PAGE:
Parshas Vayechi 5759
Outline Vol. 3, # 10
by Rabbi Yaakov Bernstein
This issue is dedicated in memory of "Uncle Billy" Chelnik from his nieces
The Netziv was the last Rosh Hayeshiva of the famous Volozhin Yeshiva.
After the Yeshiva closed, he raised funds to pay for the remaining debts.
One wealthy person refused to contribute. The Netziv told him that, as a
renowned Torah scholar, he had always tried his utmost to fit his role.
Since people called him such a scholar, if he were not to live up to the
standard, he would be making people out to be liars. Similarly, a man
well-known as a charitable person, has a responsibility to live up to
charitable standards -- otherwise, he would be making his acquaintances out
to be liars.
Those who heard the Netziv speak, said that this logic was irrefutable. It
did the trick, as well.
A similar idea was stated by the Nesivos Shalom: Why is it assumed that the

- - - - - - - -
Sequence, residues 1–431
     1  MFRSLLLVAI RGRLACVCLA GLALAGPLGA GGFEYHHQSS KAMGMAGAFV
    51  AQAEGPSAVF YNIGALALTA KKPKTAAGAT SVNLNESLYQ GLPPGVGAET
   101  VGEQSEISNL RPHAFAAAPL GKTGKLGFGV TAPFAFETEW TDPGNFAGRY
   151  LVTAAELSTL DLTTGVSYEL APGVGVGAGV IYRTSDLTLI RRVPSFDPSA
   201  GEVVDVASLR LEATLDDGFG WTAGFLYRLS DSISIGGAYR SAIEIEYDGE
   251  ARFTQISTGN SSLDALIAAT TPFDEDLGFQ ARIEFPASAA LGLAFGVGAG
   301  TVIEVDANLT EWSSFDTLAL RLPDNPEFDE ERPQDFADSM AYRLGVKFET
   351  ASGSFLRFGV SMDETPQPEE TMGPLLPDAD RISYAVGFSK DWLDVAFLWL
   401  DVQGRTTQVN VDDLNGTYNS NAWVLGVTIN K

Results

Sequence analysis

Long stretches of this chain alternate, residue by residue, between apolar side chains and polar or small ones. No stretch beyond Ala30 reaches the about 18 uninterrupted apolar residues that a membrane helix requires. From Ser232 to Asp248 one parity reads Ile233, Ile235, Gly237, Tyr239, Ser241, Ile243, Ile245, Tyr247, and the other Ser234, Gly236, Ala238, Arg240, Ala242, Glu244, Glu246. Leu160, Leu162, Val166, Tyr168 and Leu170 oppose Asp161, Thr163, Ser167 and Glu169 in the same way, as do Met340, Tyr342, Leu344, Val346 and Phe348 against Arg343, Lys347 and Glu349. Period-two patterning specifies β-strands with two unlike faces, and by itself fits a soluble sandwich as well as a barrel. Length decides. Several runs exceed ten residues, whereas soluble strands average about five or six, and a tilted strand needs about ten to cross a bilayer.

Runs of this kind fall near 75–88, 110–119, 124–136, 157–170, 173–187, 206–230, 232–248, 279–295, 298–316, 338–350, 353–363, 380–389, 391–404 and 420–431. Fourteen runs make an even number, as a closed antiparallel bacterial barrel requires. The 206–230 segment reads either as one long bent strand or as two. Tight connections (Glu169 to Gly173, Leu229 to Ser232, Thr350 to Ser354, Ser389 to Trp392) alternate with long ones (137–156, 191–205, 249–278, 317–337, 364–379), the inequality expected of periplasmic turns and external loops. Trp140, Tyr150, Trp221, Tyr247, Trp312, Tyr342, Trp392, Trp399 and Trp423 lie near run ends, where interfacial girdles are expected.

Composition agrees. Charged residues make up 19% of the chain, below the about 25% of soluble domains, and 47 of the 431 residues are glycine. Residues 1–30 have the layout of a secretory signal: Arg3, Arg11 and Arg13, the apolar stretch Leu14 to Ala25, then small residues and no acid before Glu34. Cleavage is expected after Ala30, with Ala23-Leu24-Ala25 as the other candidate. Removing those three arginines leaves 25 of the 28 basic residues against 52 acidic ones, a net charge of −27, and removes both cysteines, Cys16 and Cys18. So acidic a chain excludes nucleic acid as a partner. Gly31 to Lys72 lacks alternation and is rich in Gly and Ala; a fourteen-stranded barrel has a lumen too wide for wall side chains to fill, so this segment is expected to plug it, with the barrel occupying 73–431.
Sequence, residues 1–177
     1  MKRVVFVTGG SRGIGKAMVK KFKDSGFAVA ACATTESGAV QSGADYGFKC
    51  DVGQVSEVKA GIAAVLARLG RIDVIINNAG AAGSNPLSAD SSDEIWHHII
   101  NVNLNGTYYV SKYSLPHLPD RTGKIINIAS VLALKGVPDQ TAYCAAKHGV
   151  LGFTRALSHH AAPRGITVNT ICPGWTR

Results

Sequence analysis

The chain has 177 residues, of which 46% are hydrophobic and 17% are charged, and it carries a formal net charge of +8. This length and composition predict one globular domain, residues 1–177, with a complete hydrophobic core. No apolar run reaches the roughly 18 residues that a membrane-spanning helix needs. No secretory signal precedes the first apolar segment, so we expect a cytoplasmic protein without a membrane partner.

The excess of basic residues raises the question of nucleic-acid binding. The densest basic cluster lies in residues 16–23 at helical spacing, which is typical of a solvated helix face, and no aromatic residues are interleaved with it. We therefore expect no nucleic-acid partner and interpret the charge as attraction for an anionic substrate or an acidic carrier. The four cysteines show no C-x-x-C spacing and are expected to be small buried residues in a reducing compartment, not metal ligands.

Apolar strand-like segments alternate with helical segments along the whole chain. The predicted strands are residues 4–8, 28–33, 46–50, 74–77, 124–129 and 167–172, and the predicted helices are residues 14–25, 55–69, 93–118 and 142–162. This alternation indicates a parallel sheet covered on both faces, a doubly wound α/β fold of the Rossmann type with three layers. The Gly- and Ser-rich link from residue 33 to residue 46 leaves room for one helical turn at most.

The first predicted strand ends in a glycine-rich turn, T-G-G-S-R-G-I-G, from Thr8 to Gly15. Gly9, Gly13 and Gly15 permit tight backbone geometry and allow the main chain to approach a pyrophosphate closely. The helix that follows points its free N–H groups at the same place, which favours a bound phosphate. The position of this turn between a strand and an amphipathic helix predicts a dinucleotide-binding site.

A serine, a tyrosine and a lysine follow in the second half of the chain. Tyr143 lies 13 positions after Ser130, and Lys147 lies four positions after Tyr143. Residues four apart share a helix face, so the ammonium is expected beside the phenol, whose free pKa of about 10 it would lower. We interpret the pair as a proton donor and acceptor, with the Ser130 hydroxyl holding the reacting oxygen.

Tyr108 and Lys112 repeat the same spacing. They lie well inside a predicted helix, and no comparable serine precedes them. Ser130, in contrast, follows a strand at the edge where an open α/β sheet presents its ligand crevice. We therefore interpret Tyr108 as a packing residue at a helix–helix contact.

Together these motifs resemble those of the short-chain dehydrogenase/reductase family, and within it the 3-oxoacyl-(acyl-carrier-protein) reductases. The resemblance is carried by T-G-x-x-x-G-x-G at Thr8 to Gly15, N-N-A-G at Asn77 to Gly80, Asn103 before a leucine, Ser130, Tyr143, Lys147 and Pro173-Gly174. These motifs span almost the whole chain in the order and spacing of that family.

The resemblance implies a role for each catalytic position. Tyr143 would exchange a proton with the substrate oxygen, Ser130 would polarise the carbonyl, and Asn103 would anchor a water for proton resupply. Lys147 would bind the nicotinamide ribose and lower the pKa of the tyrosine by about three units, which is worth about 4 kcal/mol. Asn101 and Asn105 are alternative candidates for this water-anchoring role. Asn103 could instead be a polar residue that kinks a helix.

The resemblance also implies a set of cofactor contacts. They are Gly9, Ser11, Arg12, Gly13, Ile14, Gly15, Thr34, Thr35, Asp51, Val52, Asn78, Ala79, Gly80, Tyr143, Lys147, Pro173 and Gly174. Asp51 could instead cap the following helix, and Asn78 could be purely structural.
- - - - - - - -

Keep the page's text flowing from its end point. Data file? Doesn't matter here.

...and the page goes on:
Rebbe is the greatest authority? Perhaps one of the students is a greater
scholar? The Nesivos Shalom answered, "Indeed -- quite possibly it is so.
Nonetheless, the fact that the Rebbe was put in the position of leadership
and sacrifice gives him a certain measure of divine help. However, the
student who was not put into such a situation of leadership and sacrifice
-- does not receive the same assistance."
Jewish leaders exemplify modesty. At the same time, leaders cannot dodge
responsibility. The above statements show us how our leaders retain their
humility and, at the same time, accept responsibility. There is no claim
that a lofty position indicates a prior greatness. Rather -- a lofty
position indicates a grave responsibility -- one must strive to fulfill
The Blessings (Brochos)
In the Parsha, Yaakov "blessed" his sons. Yet, only some of the sons
receive "blessings." Initially, Yaakov reproves several of the sons -- to
such an extent, that the verses refer, not to blessing, but to "cursing."
("Their anger should be cursed." 49:7)
Ibn Ezra and Ohr Hachayim suggest that the Patriarch praises worthy
qualities, and, at the same time, alerts his sons about dangerous
tendencies. Blessing is contingent upon elevating the good
characteristics, and -- at the same time -- conquering negative ones.
The impetuousness of Reuven, and the violence of Shimon and Levi, were